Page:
Participant accounts of phase three and wash-up


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Africa » Namibia » Windhoek » Aris
June 8th 2007
Published: June 8th 2007
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Neither staff nor participants can quite believe the end of the expedition has come and it’s time to swap email addresses and say farewells before continuing journeys homeward-bound, across the country or to pastures new.

It’s been a fantastic ten weeks - a roller-coaster ride of emotions, new friendships, different experiences and expanded comfort zones! We’ve built a school from scratch, designed and constructed three playgrounds, one as part of a new sensory trail for the site at REST, where we've also helped develop a new aviary, improved a range of facilities at Cape Cross Seal Reserve and trekked many, many kilometres through river beds and desert plains to the Skeleton Coast.

We’ve made an impact on the lives of communities and wildlife across Namibia and have travelled the length and breadth of its long, straight roads to ensure projects were completed on time and to a high standard.

We thank all our participants and staff, from field base to project managers, for their hard work, sense of humour, inventiveness and sheer elbow grease, which has made 07D a huge success and an unforgettable experience.

We leave you with participant accounts of the final phase and accompanying photos. Also, a few shots to summarise the ‘wash-up’ period - when everyone returned to field base for four days of frantic activity - from early morning runs, alpha group Olympics and CV and career workshops to soap opera skits, 07D awards, a slide show viewing and an ambassadors' ball.

All that remains for me to say is, thanks for reading and contributing and have a great summer!

All the best

Kate O'Nions

Public Relations Officer
Raleigh International Namibia expedition 07D

Alpha 1 - Onakasino Junior Primary School Playground. By Fiona Wynn

The phase started on a high, with shopping and hot showers at Otjiwarongo before arriving at the small rural village of Onakasino, in the far north of Namibia.

After admiring the school, which last year’s Raleigh groups built, we set to work planning the playground which would go alongside it. By the end of day one, we had two tower poles cemented in. Work progressed quite quickly as we built swings, a see-saw, a wobble board, a climbing wall and a fireman’s pole. The paint work was also completed in plenty of time for the opening, with the team going to town with zebra stripes - we were all very proud of the psychedelic playground we had produced!

When not building equipment, we played games and also had visits from some of the local village children, one in particular visiting us daily and playing one of the group’s ukulele to our amusement! We were woken on numerous occasions by renditions of some of the alpha group’s much loved songs - far more preferable than being woken by donkeys braying just outside our tents at 5:30am!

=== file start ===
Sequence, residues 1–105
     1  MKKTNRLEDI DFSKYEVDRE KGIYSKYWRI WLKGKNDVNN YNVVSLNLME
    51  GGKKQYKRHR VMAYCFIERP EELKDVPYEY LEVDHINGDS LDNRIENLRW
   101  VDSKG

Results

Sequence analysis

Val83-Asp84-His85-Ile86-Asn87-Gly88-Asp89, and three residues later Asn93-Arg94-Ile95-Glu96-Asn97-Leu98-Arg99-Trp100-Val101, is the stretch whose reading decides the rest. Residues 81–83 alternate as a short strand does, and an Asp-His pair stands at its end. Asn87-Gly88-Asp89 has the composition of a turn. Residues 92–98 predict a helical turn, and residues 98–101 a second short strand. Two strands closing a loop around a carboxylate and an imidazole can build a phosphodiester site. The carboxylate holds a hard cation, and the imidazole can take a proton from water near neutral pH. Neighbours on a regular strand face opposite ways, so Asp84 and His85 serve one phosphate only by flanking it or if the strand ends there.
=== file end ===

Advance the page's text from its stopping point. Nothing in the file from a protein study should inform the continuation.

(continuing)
The opening of the playground was a highlight for everyone. We listened to songs and speeches - and even sang ourselves! - sampled some of the local food and watched the children play on the new equipment we’d built for them, which was amazing. We didn’t worry about the strength of our workmanship as up to four children were hanging off the swings at any one time and nothing collapsed - what a great way to end the expedition!

Alpha 2 - Onameya Junior Secondary School. By Richie Lewin

13 venturers, 3 project managers, and of course our local builder Lenny, an unfinished school, not quite enough window putty, paint, paint brushes, head torches, ladders, scaffolding and plenty of sand all in all combined to make the school ready for the eagerly awaiting African children. 14 hour days (only 11 of which were in daylight!) did not stop alpha 2 from producing a structure fit for the likes of TV’s ‘Grand Designs’.

With only 110 litres of paint to decorate the whole school, you’d have thought we’d have been very careful with the amount we used, but that didn’t stop some of the team decorating themselves with as much paint as the walls. While the boys were mixing and transporting the seven and a half tonnes of cement and becoming semi-professional builders, the girls were busy working on art fit for the Sistine Chapel.

Evening activities for the physically and mentally-drained workers consisted of a mock engagement party, candle-lit dinners, pass the parcel, sleepovers in the school, large bonfires and astronomy sessions.

Thanks to working hard and playing hard, we completed the school on time and marked it with a grand opening ceremony. This was hosted by the locals and local ministry of education representatives who treated us to traditional African dancing and fine cuisine of beef, goat and chicken. Songs and dances were performed courtesy of the local children of Onameya. Once the keys were given over to the head of the school, it was the end of our emotional, rewarding, exhausting but highly fulfilling expedition.

Alpha 3 - REST. By the whole group!

Our final phase saw a group of just eight participants and two project managers create a playground as part of REST’s new sensory trail, and still manage to squeeze in games of ‘beach volleyball’, create a gym and experience fine campsite cuisine.